What are the political tensions between Hong Kong and Beijing?
Beijing’s reluctance to allow Hong Kong to develop into a full-fledged democracy with free and fair elections is a perennial bone of contention. Experts say a source of the problem is ambiguity in the Basic Law, which Beijing continues to reinterpret. The document states that Hong Kong’s chief executive “shall be selected by election or through consultations held locally and be appointed by the Central People’s Government,” and that “the ultimate aim is the selection of the chief executive by universal suffrage upon nomination by a broadly representative nominating committee in accordance with democratic procedures.” The nature and timing of electoral reforms are unclear.
Michael F. Martin, an Asian affairs specialist for the Congressional Research Service, says when Beijing proposed universal suffrage, it used the word 可以 (keyi), which translates widely to “can,” “may,” “possible,” or “able to,” thus making it difficult to discern whether Beijing’s decisions comply with the Basic Law.
Some analysts say China’s decisions in 2004, 2007, and 2014 to put off a popular vote for Hong Kong’s leader are an indication that Beijing will drag its feet on reforms indefinitely. China’s legislature ruled in August 2014 that only candidates vetted by a nominating committee chosen by Beijing will be allowed to run in 2017. In June 2015, Hong Kong’s lawmakers rejected a bill that would have introduced “universal suffrage” of the chief executive from a selection of pre-approved candidates.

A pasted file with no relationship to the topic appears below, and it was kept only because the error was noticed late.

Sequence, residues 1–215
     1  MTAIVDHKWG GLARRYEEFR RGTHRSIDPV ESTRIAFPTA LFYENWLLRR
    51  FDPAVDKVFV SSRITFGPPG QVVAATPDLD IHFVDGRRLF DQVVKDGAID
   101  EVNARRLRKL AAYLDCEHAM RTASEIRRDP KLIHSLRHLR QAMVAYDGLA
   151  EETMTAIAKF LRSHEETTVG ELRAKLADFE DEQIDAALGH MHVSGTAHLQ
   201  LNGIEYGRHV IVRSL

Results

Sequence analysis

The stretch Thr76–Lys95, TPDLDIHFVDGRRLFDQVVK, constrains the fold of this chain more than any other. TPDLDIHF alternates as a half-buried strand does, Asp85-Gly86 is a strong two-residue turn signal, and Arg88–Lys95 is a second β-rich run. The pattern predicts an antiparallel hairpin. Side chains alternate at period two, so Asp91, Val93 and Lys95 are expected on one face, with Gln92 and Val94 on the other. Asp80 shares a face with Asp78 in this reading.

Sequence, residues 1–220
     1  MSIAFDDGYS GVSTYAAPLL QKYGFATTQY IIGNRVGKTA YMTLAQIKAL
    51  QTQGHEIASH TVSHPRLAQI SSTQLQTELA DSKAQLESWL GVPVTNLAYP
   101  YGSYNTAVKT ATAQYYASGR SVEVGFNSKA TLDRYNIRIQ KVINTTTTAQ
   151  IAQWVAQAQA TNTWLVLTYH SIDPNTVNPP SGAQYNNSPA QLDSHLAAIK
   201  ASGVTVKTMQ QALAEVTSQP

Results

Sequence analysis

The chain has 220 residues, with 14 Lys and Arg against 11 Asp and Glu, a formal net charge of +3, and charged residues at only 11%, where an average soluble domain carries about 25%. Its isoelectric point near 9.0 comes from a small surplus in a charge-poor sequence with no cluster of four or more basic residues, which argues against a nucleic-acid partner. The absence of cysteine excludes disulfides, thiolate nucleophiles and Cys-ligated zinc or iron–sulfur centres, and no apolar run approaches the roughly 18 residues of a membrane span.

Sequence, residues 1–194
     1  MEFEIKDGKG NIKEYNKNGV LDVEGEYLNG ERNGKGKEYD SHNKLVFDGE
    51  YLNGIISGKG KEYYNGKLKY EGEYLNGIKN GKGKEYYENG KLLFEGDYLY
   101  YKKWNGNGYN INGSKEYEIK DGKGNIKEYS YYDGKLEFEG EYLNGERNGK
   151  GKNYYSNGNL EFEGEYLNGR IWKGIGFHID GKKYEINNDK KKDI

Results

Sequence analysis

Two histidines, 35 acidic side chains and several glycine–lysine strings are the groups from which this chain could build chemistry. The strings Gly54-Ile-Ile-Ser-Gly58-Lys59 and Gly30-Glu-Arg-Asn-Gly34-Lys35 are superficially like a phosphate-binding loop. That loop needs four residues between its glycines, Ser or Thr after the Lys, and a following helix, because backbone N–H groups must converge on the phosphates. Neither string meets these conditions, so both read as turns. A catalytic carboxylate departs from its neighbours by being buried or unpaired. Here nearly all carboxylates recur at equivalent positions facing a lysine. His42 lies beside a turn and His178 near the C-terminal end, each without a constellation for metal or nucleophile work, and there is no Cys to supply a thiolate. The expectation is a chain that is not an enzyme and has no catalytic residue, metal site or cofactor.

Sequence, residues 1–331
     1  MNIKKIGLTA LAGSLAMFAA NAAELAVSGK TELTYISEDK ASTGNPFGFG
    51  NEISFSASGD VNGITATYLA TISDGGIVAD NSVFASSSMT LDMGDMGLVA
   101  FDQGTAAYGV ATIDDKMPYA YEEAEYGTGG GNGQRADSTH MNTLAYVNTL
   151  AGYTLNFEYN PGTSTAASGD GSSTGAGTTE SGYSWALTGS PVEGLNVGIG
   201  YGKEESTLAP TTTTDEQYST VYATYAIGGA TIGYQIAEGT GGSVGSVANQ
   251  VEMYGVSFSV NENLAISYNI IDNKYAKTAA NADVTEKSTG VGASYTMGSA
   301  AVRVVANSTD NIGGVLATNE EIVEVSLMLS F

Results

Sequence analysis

Pro-democracy factions were winners in the September 2016 elections for the city’s legislative body, the Legislative Council. Localist politicians, focused on preserving Hong Kong’s autonomy and local culture, won six seats out of the thirty-five geographic constituencies chosen by a popular vote and combined secured nearly 20 percent of the vote. Controversy erupted later in November 2016 when China’s National People’s Congress Standing Committee made a rare intervention in local court proceedings, passing a new interpretation of Hong Kong’s Basic Law provisions that require new legislators to take an oath of office. The ruling disqualified two pro-independence lawmakers who altered the language of the oath by pledging to defend a “Hong Kong nation.”
Additionally, the mysterious disappearances of a handful of Hong Kong booksellers and media executives in the fall of 2015 and the vanishing of a Chinese billionaire raise concerns about the independence of Hong Kong’s legal system and authorities. The media is believed to have been targeted by Chinese state agents for publications critical of Beijing. The alleged abduction of Xiao Jianhua, one of China’s wealthiest financiers, who has reported links to Chinese President Xi Jinping, stokes fears that Hong Kong’s autonomy is eroding further.
“What so-called Taiwan independence and so-called Hong Kong independence have in common is that they are hell-bent on destroying the country and bringing disaster to its people, under the banner of freedom and democracy.” —People’s Daily editorial
What are Beijing’s plans for Hong Kong?
Beijing and Hong Kong have benefited economically from the 1997 handover. As reforms have been delayed, frustration has built among Hong Kongers with what they deem to be actions taken to limit the city’s independence and an erosion of the “one country, two systems” principle. Since the handover, chief executives have been selected by an election committee, first composed of four hundred, then eight hundred, and now 1,200 members from four main sectors